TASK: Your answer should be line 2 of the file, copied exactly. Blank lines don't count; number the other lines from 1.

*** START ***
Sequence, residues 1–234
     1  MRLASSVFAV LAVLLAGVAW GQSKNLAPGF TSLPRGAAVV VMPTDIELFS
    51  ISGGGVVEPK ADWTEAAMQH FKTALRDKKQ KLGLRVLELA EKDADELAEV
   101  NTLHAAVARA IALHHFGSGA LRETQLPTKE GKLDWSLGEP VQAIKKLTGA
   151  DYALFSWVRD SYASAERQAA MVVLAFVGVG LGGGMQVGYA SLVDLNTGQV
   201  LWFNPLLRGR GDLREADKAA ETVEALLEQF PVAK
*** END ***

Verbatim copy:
     1  MRLASSVFAV LAVLLAGVAW GQSKNLAPGF TSLPRGAAVV VMPTDIELFS